Daniel Tamarit is a PhD student in Siv Andersson’s lab at Uppsala University. He graduated in biology with honors at the University of Valencia, where he became interested in bacterial evolution while working in the Cavanilles Institute for Evolutionary Biology and Biodiversity. He then received a Marie Curie ITN Fellowship to participate in the Symbiomics program as an early-stage researcher, under the supervision of Siv Andersson, Lisa Klasson and Amparo Latorre. During his PhD, which he will defend in Autumn 2016, he uses evolutionary genomics to study newly described groups of ant and honeybee symbionts. Findings from these projects led to him engaging in the study of the evolution of a gene transfer agent in alpha proteobacteria, codon usage bias in bacteria with shifting GC content, and genome architecture in firmicutes. In the long term he is interested in studying broad-scale genome evolution, the evolution of host-microbe association, and, more generally, the origin and evolution of new traits.

Kirsten Ellegaard carried out her doctoral research at Uppsala University, Sweden, in the lab of professor Siv Andersson. Her major research interests include speciation processes, evolution and interactions within microbial communities. During her PhD, she studied the obligate bacterial endosymbiont Wolbachia, particularly in terms of gene flow, recombination and speciation. Furthermore, since Wolbachia cannot be cultured, she also developed a protocol for isolation and genome sequencing of these bacteria. Towards the end of her PhD, she shifted her research towards comparative genome analyses of lactic acid bacteria colonizing the honeybee gut. Kirsten joined the lab of professor Philipp Engel, at the University of Lausanne, Switzerland, in June 2015. Here, she combines bioinformatic tools with laboratory experiments, in order to gain a better understanding of the evolution and function of the bacterial communities colonizing the honeybee gut.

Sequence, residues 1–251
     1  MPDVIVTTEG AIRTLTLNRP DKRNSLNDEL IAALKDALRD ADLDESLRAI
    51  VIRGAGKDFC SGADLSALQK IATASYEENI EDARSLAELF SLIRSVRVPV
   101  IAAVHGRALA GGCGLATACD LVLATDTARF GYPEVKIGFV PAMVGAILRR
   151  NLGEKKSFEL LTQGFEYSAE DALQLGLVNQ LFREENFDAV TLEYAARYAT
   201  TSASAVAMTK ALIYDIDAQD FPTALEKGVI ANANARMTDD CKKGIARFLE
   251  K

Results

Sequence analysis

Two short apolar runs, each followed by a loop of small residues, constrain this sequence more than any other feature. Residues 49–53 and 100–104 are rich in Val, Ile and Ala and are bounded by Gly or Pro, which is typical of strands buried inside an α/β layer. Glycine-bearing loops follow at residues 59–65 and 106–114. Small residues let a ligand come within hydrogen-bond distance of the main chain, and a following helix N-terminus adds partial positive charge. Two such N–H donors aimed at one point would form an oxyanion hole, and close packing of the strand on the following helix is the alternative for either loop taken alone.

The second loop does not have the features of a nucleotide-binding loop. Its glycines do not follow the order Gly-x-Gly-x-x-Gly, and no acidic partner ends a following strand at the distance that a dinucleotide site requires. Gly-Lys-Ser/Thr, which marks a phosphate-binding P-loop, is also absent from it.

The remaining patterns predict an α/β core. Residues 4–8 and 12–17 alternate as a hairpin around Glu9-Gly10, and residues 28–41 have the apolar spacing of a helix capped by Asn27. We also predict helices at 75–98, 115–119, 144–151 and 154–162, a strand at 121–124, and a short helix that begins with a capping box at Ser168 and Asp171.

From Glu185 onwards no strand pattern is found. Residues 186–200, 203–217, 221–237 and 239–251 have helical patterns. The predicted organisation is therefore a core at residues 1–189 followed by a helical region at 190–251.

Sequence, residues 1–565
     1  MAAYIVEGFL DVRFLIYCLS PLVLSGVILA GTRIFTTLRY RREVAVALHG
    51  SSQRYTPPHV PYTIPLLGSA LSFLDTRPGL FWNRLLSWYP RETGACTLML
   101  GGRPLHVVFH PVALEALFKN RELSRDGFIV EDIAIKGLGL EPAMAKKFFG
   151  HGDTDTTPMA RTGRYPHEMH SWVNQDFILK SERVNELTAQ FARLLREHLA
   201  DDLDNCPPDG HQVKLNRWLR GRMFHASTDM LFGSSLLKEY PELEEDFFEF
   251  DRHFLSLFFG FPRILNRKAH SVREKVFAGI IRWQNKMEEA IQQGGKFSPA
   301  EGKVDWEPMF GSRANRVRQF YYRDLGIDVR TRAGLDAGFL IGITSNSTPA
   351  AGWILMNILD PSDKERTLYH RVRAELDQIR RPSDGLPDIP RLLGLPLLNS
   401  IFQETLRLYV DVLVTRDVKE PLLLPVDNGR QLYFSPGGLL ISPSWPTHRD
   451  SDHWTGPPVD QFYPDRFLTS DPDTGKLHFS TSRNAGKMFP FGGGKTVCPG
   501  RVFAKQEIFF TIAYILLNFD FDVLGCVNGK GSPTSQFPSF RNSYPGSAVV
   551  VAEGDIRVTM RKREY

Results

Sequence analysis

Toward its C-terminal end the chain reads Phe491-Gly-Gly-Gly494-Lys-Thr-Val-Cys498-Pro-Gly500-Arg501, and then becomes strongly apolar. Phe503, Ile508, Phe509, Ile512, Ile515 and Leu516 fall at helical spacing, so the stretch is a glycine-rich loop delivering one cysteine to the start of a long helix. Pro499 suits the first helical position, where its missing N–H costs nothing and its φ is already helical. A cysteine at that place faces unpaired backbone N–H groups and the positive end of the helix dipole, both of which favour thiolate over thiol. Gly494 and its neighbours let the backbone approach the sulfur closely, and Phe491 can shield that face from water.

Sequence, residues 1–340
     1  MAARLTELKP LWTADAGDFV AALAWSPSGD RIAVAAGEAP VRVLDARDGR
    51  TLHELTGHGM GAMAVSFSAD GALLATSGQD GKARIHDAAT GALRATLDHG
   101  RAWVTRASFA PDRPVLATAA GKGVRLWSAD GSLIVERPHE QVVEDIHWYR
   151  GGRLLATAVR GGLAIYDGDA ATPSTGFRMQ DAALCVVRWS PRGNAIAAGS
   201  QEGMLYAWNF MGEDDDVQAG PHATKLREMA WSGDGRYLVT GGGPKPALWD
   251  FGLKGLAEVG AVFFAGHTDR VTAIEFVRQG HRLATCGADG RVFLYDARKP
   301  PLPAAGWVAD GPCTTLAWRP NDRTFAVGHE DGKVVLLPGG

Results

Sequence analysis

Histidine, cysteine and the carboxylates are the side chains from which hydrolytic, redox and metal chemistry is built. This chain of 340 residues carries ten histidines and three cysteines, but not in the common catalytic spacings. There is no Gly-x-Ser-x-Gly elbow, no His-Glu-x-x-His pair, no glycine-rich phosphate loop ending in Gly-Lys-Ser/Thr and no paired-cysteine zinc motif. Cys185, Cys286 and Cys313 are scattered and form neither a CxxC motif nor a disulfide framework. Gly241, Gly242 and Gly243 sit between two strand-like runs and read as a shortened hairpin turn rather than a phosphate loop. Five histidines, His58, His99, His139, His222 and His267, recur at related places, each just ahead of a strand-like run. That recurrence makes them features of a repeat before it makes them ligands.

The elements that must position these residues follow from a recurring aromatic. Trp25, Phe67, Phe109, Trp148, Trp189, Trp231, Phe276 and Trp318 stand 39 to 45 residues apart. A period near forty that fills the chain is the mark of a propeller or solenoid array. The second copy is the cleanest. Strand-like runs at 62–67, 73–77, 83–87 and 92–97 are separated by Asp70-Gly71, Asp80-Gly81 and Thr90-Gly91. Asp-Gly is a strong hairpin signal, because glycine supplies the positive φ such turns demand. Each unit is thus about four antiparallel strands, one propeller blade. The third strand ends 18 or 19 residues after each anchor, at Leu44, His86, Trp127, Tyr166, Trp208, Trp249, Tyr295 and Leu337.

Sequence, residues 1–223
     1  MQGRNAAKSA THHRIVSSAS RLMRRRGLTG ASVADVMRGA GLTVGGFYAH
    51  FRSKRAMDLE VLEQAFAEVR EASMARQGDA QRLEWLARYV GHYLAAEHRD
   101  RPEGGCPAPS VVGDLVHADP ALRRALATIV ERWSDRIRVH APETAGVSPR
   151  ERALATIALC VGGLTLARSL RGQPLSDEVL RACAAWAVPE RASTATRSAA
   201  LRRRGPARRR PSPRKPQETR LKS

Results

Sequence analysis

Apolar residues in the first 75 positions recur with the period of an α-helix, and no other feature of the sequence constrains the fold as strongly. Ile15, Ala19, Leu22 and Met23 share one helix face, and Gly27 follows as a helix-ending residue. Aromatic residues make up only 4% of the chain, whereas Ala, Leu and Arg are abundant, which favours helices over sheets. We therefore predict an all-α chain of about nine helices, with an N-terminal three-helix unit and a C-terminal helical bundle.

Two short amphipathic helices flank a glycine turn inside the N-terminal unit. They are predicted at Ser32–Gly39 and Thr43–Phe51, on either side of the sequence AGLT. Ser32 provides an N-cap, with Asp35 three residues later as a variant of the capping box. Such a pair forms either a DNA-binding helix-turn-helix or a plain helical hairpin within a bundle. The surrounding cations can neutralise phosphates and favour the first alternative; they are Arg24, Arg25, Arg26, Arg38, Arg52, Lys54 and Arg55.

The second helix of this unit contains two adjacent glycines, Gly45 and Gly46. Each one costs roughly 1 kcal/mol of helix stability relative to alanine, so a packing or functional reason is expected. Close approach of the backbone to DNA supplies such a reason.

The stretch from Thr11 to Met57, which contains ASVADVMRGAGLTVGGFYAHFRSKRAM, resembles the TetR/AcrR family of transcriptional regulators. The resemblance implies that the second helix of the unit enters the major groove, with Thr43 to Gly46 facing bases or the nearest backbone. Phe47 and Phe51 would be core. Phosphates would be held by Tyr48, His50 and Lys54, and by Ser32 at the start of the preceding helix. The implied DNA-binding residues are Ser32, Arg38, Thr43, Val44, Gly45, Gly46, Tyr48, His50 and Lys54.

• Tuesday, May 03, 2016
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MBE | Most Read

Molecular Biology and Evolution












Comparison of Fused and Segregated Globin Gene Clusters












Pan troglodytes (P. t.) troglodytes and P. t. verus.

Command-Line Toolkits for Manipulating Sequences, Alignments, and Phylogenetic Trees